One night after Bautista single-handedly downed the Yankees with an emotional two-homer showing, the Bronx Bombers bashed back with five players homering, powering a convincing 11-5 victory over the Blue Jays at Rogers Centre.
"That was a true team effort tonight," said Mark Teixeira, who homered in the third inning and enjoyed a four-hit performance. "We were aggressive, and we were swinging at good pitches. They came after us, and we just swung the bats really well tonight."
Tempers had flared on Monday when Bautista homered, was spilled to the dirt by an Ivan Nova pitch and then homered again to defeat the Yankees, but New York made sure the knockdown was delivered early on Tuesday in the form of three third-inning homers off Toronto starter Marc Rzepczynski.
With New York already up, 2-0, Teixeira started the barrage with a long solo shot off the facing above the second deck in left field. Marcus Thames added a two-run shot and Jorge Posada tacked on a solo blast -- the Yankees' sixth back-to-back homers of the season.
"It's not easy to do," Posada said. "We came swinging today and got a lot of good pitches to hit, and we didn't miss them. It was one of those days."
Rzepczynski was knocked out after that frame, and the Yankees sent another two round-trippers over the walls in the fifth inning off Brian Tallet, pulling away and extending their advantage to support starter Dustin Moseley.
Curtis Granderson connected for a three-run homer in the fifth that blew the game wide open, lifting one over the right-field wall against Tallet and continuing a surge that began when hitting coach Kevin Long retooled his swing during the Yankees' Aug. 10-11 series at Texas.
"Everything is taking steps to where we want to get it to be," Granderson said. "We're using what we've been walking on, and I continue to have a chance every time I go up there. There are some timing issues that I'm still working out, but it's a good issue to have, because that means we're short and quick."
Derek Jeter hit New York's fifth and last homer, ripping a line drive over the wall in left-center for his first homer since a July 22 inside-the-parker off the Royals' Bruce Chen, and the first that left the yard since a June 12 drive off the Astros' Jeff Fulchino.
"We have power in our lineup, and we got production from a lot of people tonight," manager Joe Girardi said. "It's good. You want to try to spread the offense out, and we did it tonight."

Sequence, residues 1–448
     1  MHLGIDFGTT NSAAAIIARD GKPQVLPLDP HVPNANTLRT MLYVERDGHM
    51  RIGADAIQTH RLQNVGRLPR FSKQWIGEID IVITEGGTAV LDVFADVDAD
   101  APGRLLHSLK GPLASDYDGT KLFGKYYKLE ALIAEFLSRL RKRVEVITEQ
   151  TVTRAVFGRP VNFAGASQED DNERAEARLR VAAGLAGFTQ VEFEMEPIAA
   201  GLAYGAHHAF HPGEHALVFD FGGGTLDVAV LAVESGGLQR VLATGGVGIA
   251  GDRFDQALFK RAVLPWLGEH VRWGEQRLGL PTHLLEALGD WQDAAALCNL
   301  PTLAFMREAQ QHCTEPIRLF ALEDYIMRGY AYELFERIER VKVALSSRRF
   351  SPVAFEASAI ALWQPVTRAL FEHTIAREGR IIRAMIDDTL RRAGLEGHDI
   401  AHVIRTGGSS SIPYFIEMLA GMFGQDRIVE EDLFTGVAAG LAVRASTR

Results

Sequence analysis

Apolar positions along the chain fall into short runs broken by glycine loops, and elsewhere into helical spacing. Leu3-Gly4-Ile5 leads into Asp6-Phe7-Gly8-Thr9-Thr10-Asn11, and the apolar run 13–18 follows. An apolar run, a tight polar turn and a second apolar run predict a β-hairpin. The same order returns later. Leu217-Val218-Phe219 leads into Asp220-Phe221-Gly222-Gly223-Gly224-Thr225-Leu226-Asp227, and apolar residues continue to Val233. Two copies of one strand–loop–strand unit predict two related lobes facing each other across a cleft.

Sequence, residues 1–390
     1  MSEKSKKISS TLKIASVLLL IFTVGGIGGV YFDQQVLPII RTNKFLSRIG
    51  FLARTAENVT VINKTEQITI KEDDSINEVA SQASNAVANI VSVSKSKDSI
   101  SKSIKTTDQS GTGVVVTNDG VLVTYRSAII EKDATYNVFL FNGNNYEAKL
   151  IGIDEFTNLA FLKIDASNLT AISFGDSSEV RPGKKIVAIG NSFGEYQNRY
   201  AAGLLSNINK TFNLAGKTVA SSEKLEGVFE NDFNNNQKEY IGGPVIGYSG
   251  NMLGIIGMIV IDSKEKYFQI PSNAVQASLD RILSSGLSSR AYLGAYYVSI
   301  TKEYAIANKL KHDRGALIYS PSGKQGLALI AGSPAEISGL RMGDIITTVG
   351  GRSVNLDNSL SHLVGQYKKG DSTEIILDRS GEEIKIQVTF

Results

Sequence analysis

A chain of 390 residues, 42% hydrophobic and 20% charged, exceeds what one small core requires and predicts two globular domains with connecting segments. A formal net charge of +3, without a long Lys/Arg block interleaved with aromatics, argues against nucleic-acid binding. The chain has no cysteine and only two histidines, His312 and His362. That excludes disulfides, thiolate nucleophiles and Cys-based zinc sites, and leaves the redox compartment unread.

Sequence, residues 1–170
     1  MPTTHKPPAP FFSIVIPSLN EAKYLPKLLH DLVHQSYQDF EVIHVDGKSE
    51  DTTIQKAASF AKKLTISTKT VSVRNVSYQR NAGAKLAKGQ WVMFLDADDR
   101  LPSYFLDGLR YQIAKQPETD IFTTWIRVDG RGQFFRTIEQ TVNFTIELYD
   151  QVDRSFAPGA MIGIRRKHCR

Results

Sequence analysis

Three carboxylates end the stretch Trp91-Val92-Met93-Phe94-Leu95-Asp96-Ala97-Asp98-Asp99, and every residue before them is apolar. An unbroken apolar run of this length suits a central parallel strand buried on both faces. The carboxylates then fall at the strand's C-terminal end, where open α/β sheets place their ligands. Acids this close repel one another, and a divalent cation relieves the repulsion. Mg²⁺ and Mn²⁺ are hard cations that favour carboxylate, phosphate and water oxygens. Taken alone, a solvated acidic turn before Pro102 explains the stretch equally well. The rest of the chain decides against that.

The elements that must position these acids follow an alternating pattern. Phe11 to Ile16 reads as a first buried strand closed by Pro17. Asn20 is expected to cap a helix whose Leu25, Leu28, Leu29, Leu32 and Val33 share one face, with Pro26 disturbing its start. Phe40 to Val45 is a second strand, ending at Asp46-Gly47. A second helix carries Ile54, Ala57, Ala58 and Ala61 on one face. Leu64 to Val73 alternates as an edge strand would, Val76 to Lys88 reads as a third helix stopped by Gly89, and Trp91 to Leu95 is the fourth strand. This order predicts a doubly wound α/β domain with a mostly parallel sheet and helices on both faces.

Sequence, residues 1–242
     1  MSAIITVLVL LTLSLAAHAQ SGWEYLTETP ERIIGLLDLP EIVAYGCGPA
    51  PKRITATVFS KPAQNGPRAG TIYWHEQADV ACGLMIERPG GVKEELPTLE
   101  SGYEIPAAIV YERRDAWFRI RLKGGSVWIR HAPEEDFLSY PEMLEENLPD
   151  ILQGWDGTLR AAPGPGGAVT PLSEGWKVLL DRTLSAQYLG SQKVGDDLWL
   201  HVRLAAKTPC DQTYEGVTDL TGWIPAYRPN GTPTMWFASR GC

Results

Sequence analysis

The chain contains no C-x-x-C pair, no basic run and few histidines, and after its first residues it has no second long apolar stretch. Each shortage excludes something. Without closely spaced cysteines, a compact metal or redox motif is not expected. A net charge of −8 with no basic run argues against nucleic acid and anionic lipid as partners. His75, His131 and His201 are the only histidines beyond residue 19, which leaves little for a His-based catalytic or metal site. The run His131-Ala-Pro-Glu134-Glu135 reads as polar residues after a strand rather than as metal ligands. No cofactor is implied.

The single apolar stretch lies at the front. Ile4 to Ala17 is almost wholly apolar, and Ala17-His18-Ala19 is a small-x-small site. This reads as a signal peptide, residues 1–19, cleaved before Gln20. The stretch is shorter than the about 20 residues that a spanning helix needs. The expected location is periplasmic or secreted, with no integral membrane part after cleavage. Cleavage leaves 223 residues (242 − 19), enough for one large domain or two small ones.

"Any time they pound out 17 hits against your pitching staff," Tallet said, "it's never a good night."
Unlike Monday, when Bautista soaked in a 28-second jog around the bases following the decisive homer off Dave Robertson, the Yankees kept a reasonable pace. Moseley used it well, limiting the Blue Jays to two runs over six comfortable innings.
"I had a good changeup and a good cutter tonight, and I made pitches when I needed to," Moseley said. "I was behind in a lot of counts, but strike one was beneficial for me against a lineup like that, with the lead that we got."
Continuing to fill in nicely for injured left-hander Andy Pettitte, Moseley was already holding a six-run advantage when Toronto finally struck against the right-hander, with Vernon Wells knocking a fourth-inning RBI single that brought home Yunel Escobar.
"You know you've got to make pitches throughout the game and change speeds, work in and out," Moseley said. "Otherwise, they've got a lot of guys that can beat you. I went into it and stuck with the game plan all night, and it worked out for me."
John Buck knocked in the Jays' second run with a sixth-inning single to center, but Granderson came up firing and cut down Adam Lind at the plate to complete Moseley's serviceable effort, in which he walked four and struck out four to leave in line for his third victory in five starts.
"It's all about pitching, really," Posada said. "When we go out there, we have a pretty good chance every day, and today is a perfect example. You keep the opposition down, and Moseley did the job. It seems like the pitching staff has done real well lately."
The only scare came in the seventh, as Nick Swisher fouled a ball off the top of his left knee and was removed from the game two pitches later, hobbling off after Girardi forced him out of the at-bat. But Swisher said the swelling should go down in time to play on Wednesday.
Chad Gaudin allowed three runs in that seventh inning, including Lind's two-run double, but he finished up with a scoreless eighth before Kerry Wood hurled a blank ninth inning to seal the victory.
"It's tough to come back with a team like that, because I know they're going to run everybody at you that they can from that bullpen to keep that lead," Toronto manager Cito Gaston said. "When they get you down like that, you're going to be in trouble."
Bryan Hoch is a reporter for MLB.com. This story was not subject to the approval of Major League Baseball or its clubs.